Finally, the Iraqi government is determined to improve its relationship with foreign countries. The key message is that Baghdad is a reliable partner in the fight against ISIS both at home and ultimately throughout the region. Relations with Iran are neighborly, but the government does not act on orders from Tehran. Iraq is ready and willing to cooperate with other powers in the region.

Following the ambassador’s remarks, Kadhim suggested a way forward for Iraq based on three Rs: reclaiming, reconstruction and reconciliation. Physically reclaiming Iraqi sovereign territory is the sine qua non of rebuilding Iraq. ISIS is at least partly a problem of ungoverned spaces in Iraq. There is therefore a need for a comprehensive approach to the ISIS campaign, without which they will simply reappear once the campaign has ended. Such an approach involves significant military reform, some of which is already taking place.

Second, Iraqi society needs to engage in a reconstruction effort. Comparable in scope to the American Reconstruction Era, this effort should include rebuilding political, economic and social infrastructure, with the aim of rebuilding the Iraqi nation in a way that will ensure it does not again fall prey to destructive internal forces. In order to achieve this, Iraq will need international support and expertise.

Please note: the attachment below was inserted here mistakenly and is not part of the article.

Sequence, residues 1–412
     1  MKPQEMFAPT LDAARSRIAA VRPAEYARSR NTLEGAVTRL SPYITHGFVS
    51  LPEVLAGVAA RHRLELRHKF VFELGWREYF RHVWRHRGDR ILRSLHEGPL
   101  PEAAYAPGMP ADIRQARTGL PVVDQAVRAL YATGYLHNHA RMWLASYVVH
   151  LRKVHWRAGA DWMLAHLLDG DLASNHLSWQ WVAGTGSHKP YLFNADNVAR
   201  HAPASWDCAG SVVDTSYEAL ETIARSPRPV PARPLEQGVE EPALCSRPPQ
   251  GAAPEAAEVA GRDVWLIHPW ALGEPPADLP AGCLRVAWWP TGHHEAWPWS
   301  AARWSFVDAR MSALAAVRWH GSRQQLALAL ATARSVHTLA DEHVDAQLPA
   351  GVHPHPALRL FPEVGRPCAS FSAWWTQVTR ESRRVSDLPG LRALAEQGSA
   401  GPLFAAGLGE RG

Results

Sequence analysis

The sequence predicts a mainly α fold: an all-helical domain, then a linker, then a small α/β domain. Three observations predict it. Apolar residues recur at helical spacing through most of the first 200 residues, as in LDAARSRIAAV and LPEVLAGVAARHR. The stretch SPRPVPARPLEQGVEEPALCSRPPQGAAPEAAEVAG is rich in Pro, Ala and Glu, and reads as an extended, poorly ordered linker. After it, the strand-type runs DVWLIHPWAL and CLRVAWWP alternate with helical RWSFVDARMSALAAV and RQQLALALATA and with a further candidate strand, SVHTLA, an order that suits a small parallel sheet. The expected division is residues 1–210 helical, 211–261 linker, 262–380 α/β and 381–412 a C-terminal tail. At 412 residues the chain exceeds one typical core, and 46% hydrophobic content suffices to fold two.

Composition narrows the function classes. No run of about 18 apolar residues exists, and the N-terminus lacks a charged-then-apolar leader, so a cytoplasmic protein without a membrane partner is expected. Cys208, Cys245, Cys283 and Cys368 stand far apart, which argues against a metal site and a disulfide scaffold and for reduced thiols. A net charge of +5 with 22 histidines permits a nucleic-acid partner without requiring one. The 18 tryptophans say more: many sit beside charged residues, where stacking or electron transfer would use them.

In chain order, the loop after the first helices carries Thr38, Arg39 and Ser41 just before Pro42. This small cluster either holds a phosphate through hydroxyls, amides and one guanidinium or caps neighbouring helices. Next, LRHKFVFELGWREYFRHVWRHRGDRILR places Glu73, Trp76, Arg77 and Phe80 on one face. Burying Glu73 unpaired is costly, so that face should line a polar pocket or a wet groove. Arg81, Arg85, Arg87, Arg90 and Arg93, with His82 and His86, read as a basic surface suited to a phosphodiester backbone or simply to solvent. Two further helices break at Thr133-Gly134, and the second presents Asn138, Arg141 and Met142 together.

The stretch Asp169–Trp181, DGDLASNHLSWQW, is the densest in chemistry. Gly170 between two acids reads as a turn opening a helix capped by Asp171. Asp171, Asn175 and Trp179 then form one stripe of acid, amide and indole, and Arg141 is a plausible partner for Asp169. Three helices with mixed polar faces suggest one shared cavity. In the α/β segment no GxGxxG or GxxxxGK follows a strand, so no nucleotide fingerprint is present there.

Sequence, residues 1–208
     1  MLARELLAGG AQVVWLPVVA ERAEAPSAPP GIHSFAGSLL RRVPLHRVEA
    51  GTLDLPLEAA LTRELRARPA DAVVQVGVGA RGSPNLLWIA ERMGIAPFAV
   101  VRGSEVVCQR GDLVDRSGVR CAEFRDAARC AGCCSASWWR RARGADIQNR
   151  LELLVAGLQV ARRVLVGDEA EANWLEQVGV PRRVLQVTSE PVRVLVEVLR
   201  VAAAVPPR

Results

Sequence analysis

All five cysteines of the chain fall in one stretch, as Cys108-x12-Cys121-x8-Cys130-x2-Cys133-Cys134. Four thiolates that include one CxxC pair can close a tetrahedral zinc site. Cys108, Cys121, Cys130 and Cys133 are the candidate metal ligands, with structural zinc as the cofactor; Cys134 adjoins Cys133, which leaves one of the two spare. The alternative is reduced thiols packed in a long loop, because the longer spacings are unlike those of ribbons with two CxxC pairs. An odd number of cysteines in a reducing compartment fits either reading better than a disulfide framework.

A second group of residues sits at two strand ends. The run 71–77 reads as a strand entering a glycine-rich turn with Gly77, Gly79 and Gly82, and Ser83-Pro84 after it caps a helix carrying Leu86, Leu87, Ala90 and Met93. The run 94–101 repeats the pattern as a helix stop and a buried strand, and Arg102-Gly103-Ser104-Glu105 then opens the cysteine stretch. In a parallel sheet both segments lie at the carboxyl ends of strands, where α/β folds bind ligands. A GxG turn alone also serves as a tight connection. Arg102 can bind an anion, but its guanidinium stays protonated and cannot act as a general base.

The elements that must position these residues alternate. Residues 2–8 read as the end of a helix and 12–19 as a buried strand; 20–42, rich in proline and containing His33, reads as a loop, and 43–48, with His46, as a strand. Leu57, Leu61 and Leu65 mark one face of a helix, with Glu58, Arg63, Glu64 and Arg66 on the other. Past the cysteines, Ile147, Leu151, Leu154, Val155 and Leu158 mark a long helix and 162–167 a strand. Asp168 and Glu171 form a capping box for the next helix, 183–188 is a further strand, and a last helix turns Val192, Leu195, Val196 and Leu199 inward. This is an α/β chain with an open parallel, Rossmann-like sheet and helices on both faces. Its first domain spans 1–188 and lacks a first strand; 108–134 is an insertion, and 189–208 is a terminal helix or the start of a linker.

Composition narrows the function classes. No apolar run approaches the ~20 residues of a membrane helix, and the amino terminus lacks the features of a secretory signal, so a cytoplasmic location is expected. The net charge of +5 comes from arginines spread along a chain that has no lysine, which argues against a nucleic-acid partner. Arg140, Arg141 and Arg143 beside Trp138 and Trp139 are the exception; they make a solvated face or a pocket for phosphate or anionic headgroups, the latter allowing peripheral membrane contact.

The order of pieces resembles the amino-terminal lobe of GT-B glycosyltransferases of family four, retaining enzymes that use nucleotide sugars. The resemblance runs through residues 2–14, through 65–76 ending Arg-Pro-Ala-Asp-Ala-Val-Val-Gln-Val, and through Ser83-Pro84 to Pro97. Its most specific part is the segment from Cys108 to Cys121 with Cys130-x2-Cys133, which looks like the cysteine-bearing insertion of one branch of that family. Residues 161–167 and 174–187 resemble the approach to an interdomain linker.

Hand in hand with the reconstruction effort, Iraq will also need to engage in reconciliation. Kadhim noted that this traditionally has been achieved through providing political posts to members of marginalized groups. However, in post-2003 Iraq, this approach often produced politicians that unable to serve their constituents, thereby contributing to undermining rather than supporting the political transition. Instead, Kadhim suggested that there must be an effort to achieve popular reconciliation. This would involve reaching out to marginalized communities regardless of sect or ethnicity. Key to this effort is a genuine decentralization, which would deny divisive and demagogic leaders the destructive role they have hitherto played.

Serwer pointed out that an absolute requisite for reconciliation is acknowledgment of harm done. Only by such acknowledgement can the parties of a conflict escape the spiral of violence. Such acknowledgements are hard work however, and are unfortunately not yet forthcoming in the Iraqi conflict.

Faily emphasized the need to strike a balance between justice and peace in Iraq. While justice is critical in the tribal society of Iraq, there is also a need for the nation to move forward in order to achieve stability and peace. Finding an acceptable formula that balances these two considerations is inherently difficult.

On a more positive note, Faily argued that Iraqi society has moved beyond the deep structural problems that are facing many of the other countries in the region. Policymakers should not to view Iraq only through the prism of Iran. Iraq is a young nation that wants, and needs, good relations with the rest of the world, both in its neighborhood and beyond.